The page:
M A I N   N E W S

Potent BrahMos will be Navy’s ‘primary weapon’
Supersonic missile successfully test-fired off Goa coast
Shubhadeep Choudhury/TNS

Bangalore, October 7
The supersonic cruise missile BrahMos, said to be the best in its class (290-km range), would be a primary weapon for the Navy in the coming years, said a top official of the BrahMos-Aerospace, the Indo-Russian joint venture which manufactures the missile.

The Navy, in continuation of its trials, today successfully test-fired the missile, capable of carrying a conventional warhead of 300 kg.

It was test-fired from warship INS Teg - the Navy's latest induction from Russia - off the coast of Goa early this morning. The missile successfully hit the target ship.

Two other warships - INS Tarkash and INS Trikand, both Talwar-class frigates like the INS Teg - will also be armed with the missile in vertical launch mode.

“The Navy has also got a number of indigenous ships coming up. Project 15 Alpha (INS Chennai) has already been inducted. Now 15 Bravo and 17 Alpha (destroyers with stealth features) are getting ready. The BrahMos missile is going to be the most effective weapon for the Navy”, the official said.

The missile has already been inducted into the Army and the Navy. While the induction of the first version of Brahmos missile system in the Navy started from 2005 with INS Rajput, it is now fully operational with two regiments of the Army.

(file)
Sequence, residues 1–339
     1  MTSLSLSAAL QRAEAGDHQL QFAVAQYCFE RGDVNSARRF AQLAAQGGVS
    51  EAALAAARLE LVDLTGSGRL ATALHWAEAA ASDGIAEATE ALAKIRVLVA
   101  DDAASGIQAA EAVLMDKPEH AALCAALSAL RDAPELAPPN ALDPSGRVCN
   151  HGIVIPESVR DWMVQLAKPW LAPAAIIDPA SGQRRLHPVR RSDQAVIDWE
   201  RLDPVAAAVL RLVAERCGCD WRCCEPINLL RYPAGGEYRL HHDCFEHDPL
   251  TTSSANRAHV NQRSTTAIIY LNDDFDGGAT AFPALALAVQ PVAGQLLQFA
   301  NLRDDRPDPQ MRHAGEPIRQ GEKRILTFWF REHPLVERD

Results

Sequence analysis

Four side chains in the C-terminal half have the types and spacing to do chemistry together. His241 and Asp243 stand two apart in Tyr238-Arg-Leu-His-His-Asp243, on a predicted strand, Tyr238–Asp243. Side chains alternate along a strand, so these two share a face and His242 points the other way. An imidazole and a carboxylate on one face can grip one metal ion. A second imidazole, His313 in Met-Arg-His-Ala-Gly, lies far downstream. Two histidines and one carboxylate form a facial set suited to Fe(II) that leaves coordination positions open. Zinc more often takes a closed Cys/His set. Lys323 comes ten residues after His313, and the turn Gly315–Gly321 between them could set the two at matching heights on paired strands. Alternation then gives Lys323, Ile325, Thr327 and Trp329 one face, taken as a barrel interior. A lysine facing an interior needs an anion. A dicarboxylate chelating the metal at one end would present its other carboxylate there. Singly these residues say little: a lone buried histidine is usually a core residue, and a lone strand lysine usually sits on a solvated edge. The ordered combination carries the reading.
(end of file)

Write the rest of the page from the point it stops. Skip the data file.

The Air Force version of the missile is also said to be ready and work is going on to modify two Russian Sukhoi (Su-30) fighter jets to make the aircraft BrahMos compatible.

The official said to enable the Su-30 to carry the heavy BrahMos, the missile carrying points of the aircraft were needed to be relocated for which the airframe would have to undergo change. “It will have to be done structurally”, he said.

The IAF made available two Su-30 fighter jets to the HAL for the tests, the official said, adding that the plan was to have one squadron (20 planes) of Sukhois armed with the BrahMos. The missiles would be used to engage stationary targets in the enemy territory, he said.

However, the French Raphel fighters, chosen by the IAF to act as a medium multi-role combat aircraft (MMRCA), or the indigenous light combat aircraft Tejas (which is yet to be inducted in the IAF) would not be able to carry the BrahMos because of its weight.





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